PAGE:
In January 1836 Maria Monk published a book titled Awful Disclosures
in which she exposed various scandalous events that, according to her, had occurred at the Hotel Dieu convent in Montreal. Her central claim was that convent nuns were having sexual relations with priests from the neighboring seminary who supposedly entered the convent through a secret tunnel. All babies born of these illicit encounters, Monk claimed, were baptized before being killed and dumped in a lime pit in the basement of the convent. Maria Monk said that she had lived in the convent for a total of seven years before becoming pregnant by a priest. Being unable to bear the thought of having her child killed and dumped in the basement, she had finally fled.
The publication of Maria Monk's book caused an enormous public outcry that fed on the prevailing anti-Catholic sentiment of the era. Leading protestants in New York and Montreal demanded an investigation of the Montreal convent, and in response to this pressure, the Bishop of Montreal finally did authorize an investigation. It turned up no evidence to support Maria Monk's claims, but American Protestants refused to accept these results, claiming that the investigation was biased because it had supposedly been conducted by Jesuits disguised as Protestants.
Col. William Leete Stone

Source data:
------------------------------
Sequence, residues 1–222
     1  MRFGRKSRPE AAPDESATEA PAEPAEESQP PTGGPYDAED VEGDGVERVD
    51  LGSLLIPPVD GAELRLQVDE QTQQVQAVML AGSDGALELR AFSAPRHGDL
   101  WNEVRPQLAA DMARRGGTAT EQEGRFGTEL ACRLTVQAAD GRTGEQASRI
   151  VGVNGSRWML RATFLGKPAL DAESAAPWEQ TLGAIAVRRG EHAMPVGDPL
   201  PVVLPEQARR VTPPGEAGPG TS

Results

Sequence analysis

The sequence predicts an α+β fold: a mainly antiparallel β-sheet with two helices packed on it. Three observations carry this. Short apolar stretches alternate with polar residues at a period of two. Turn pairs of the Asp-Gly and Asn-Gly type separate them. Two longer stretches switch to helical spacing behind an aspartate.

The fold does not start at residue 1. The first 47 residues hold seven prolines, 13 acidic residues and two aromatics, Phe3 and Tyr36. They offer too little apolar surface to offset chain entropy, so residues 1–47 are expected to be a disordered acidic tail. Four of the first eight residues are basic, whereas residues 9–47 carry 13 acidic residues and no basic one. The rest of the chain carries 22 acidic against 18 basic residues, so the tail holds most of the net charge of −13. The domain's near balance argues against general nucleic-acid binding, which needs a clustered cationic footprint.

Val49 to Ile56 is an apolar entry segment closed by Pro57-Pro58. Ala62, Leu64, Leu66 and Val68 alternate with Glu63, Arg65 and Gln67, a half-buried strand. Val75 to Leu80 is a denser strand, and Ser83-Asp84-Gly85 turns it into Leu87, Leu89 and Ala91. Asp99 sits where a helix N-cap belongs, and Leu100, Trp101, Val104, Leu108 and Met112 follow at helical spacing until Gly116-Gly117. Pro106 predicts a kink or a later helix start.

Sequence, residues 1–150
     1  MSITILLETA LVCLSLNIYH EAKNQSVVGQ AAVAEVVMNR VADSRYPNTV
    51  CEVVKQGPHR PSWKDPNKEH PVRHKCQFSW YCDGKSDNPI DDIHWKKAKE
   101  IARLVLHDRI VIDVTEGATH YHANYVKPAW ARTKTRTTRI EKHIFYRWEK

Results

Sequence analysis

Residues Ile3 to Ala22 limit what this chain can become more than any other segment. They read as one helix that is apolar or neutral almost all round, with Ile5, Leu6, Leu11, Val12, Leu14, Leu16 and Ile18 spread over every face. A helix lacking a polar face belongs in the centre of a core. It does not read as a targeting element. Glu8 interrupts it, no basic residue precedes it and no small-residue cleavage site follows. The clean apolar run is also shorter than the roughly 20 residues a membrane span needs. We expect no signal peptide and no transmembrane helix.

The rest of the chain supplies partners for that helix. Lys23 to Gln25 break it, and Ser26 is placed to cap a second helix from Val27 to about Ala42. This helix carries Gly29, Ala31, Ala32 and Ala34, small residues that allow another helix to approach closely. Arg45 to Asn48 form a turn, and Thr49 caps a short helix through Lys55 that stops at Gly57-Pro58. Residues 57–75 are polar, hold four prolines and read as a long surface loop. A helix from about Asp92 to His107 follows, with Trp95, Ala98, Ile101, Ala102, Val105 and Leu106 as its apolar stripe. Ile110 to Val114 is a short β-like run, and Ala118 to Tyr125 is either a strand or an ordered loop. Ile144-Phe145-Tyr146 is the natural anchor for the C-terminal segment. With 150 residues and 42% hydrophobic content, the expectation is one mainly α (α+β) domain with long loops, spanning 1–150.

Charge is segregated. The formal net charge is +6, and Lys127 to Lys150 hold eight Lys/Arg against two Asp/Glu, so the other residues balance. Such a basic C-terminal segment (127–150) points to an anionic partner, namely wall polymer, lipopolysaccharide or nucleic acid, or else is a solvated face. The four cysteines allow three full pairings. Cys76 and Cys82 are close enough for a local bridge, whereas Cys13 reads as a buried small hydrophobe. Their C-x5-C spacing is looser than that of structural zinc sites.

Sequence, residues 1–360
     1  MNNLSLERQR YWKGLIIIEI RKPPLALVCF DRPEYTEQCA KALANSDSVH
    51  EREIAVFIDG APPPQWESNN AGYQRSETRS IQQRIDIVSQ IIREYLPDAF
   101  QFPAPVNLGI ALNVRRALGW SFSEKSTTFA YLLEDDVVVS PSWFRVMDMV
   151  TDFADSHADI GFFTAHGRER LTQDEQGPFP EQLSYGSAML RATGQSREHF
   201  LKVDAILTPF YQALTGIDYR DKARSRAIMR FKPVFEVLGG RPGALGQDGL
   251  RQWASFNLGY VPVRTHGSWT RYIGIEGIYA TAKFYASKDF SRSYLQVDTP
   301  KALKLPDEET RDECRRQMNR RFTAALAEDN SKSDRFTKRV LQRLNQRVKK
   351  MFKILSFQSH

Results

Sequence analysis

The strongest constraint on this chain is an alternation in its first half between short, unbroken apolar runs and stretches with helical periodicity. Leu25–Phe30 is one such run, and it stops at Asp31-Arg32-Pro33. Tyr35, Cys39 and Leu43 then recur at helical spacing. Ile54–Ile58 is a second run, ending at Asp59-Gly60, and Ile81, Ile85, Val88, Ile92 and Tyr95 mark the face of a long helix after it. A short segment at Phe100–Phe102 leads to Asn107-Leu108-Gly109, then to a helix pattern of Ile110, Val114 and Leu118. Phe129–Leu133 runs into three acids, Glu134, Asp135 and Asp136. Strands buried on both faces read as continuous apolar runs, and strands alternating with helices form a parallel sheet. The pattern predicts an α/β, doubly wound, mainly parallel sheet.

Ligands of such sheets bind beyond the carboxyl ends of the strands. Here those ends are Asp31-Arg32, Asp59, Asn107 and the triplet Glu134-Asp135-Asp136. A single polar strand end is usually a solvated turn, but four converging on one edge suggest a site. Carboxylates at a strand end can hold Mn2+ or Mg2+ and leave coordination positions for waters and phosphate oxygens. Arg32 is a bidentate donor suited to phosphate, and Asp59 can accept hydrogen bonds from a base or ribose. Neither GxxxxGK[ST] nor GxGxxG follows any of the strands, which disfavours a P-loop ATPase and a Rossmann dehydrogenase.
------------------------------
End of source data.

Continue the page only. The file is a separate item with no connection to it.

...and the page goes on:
A New York City newspaper editor, Col. William Leete Stone, asked the Bishop for permission to investigate with a team of protestants. The bishop granted his request, and in October 1836 Stone led a team around the convent. With Maria Monk's book in hand, he compared her description of the convent's interior with the convent itself. He found very little correspondence between the two, however he was not allowed to see the nun's rooms or the basement area and had to return to New York City, his investigation unfinished.
Col. Stone later obtained permission to see the entire convent and, on the basis of this fuller investigation, concluded that there was no evidence that Maria Monk "had ever been within the walls of the cloister."
Once her claims were discredited, Maria Monk fell from public view. A rumor emerged that she had actually been a prostitute in Montreal, and that the years she claimed to have spent in a convent were actually spent in the Magdalen Asylum for Wayward Girls. She was later arrested for picking the pocket of a man who had paid her for sex, and she died in prison on Welfare Island, New York City, in 1849. The Awful Disclosures
of Maria Monk, despite having been shown to be false, remained in print until well into the twentieth century.
- Billington, Ray Allen. The Protestant Crusade, 1800-1860: A Study of the Origins of American Nativism. New York, 1958: 98-117
- Stein, Gordon. Encyclopedia of Hoaxes. Gale Research, Inc. 1993, 224-226.
Text copyright © 2002 Alex Boese